25 Reasons I love consulting.
by William S. Frank
  1. Brand. You are your own brand, and you can define it any way you want. For many years, I provided outplacement to the ex-employees of Schlumberger, the world's largest oilfield service corporation. When departing employees left the company, they didn't request outplacement in their severance package. They said, "I want Bill Frank."
  2. Demand. The world will always be full of terrible problems that need solving.
  3. White Hat. I can be a helper and get paid for it.
  4. Pay. I can be paid to do things I'd gladly do for nothing.
  5. Variety. Every day is different.
  6. Happiness. At this stage of my career, I only work for people I respect and care about. If a client micromanages me or is otherwise no fun, I complete the assignment and replace them.
  7. Talent. I'm using 110% of my talents and stretching myself to the max.
  8. Change. I can change my focus any day I want. If you're a McDonald's franchisee, you don't say, "Hey, I've got this great idea for a meatball sandwich—let's try it out today." In consulting you can adjust your focus hour-by-hour, as long as your clients still understand and appreciate what you do.
  9. Income. No one else would pay me as much as I pay myself.
  10. FUN. I can't think of anything I'd rather be doing.
  11. Retirement. I can write and consult as long as I am physically and mentally capable. Peter Drucker worked into his 90s, and when asked which book was his best, he said: "My next one."
  12. Job Security. Although clients come and go, no one can come into my office and say, "Pack up your stuff . . . You don't work here anymore." In 29 years, I've only had one employer: ME.
  13. Travel. I don't have to travel unless I decide to. I travel if it's both FUN and profitable—or at least FUN.
  14. Commute. I live five minutes from my office, a corner office in an upscale six-story tower. In winter, I leave a heated garage at home and drive to an underground heated garage at work. There's seldom time to hear even one song on the radio.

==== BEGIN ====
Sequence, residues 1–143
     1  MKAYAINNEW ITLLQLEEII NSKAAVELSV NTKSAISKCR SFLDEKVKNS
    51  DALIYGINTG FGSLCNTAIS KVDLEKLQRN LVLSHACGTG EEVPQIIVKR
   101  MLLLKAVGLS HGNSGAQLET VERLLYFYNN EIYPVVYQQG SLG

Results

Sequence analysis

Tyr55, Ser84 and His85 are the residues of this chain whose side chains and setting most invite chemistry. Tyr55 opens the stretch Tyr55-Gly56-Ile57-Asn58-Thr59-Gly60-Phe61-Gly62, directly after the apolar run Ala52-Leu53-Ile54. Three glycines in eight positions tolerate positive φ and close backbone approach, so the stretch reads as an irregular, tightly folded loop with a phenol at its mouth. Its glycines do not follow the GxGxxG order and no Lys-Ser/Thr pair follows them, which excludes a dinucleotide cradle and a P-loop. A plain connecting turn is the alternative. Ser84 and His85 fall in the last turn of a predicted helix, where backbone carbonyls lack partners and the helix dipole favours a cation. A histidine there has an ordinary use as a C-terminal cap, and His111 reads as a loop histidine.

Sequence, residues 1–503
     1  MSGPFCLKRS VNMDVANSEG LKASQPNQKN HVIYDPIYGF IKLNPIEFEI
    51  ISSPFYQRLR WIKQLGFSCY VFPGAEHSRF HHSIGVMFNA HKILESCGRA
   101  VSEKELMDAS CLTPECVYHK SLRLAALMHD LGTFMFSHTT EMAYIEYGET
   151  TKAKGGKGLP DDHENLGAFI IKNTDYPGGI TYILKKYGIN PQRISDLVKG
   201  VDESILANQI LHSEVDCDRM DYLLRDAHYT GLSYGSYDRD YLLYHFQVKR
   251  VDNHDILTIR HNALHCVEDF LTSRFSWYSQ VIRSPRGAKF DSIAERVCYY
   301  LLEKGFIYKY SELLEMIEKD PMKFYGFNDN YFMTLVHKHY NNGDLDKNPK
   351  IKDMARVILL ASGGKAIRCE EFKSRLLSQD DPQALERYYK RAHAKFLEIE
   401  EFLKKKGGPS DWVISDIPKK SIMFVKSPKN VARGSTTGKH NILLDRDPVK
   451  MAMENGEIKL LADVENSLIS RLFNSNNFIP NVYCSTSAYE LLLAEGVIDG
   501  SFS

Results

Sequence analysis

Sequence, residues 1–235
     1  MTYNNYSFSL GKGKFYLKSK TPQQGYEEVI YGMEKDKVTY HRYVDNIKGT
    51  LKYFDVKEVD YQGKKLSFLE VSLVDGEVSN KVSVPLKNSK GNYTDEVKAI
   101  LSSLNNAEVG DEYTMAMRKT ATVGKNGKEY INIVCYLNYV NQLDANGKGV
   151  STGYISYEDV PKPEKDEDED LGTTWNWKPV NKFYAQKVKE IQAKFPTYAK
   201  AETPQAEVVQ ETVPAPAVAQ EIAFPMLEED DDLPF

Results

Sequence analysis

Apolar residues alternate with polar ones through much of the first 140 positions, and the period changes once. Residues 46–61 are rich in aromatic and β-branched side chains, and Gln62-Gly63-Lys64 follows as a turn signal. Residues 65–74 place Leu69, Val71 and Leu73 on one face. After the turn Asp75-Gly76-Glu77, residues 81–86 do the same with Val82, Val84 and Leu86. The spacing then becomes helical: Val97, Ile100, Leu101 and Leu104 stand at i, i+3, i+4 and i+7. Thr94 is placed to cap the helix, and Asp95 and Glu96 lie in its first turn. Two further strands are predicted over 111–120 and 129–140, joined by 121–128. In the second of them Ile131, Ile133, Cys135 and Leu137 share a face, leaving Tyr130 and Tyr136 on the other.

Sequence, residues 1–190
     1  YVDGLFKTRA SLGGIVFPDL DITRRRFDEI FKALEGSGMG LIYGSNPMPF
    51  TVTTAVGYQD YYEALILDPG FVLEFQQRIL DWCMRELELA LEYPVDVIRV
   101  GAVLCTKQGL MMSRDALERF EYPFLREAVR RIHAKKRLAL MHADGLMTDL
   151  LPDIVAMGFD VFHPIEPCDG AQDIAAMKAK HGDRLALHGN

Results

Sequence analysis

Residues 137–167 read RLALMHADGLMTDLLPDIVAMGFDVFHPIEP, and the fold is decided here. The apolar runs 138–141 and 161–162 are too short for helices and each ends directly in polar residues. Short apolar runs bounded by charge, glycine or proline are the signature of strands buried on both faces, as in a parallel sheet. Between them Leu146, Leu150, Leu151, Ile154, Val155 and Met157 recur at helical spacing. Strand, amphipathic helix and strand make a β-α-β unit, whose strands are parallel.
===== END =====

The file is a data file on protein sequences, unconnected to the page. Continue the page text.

15. Vacation. Consulting is more fun than vacation (except on Wailea Beach in Maui).
  16. Friends. I have developed hundreds of close acquaintances and several lifetime friends.
  17. Time. I can work as much or as little as I like: four-hour days or 18-hour days. (Of course, my income will reflect that.)
  18. Employees. I can work with employees, subcontractors, partners, or alone—I've done it all.
  19. Passive Income. I've developed several products that provide "mailbox money." I earn while I'm sleeping.
  20. Ethics. I've never had to violate my values or personal code of ethics. I've never had to lie, purposely deceive or harm others, or promise things I can't deliver. I go to bed with a clear conscience. That doesn't mean there's never any conflict. But the conflict is conducted according to generally accepted business practices.
  21. Virtual. My career is fairly portable. With the Internet, e-mail, cell phone, and FedEx, I can work nationally, even internationally from my office—or anywhere in the world.
  22. Purpose. I make a difference in peoples' lives every day. I see it in their faces, hear it in their voices, and read it in their thank-yous.
  23. Experience. Every painful or joyful life experience makes me a better consultant. So does every person I meet or book I read. Grey hair can be good in consulting.
  24. Structure. I have to work very hard, and the clients expect superb results—but I get to structure my days, weeks, months, and years.
  25. Boss. Most of the time, I love my boss.
As I was posting these letters online, I realized I want to communicate my love for consulting. It's just a great business. The single letters, taken together, may create a picture of enjoyment, but in a burst of creativity I listed some of the reasons consulting is such a good fit for me—and perhaps for you, too. They are not prioritized; this is just how they came out.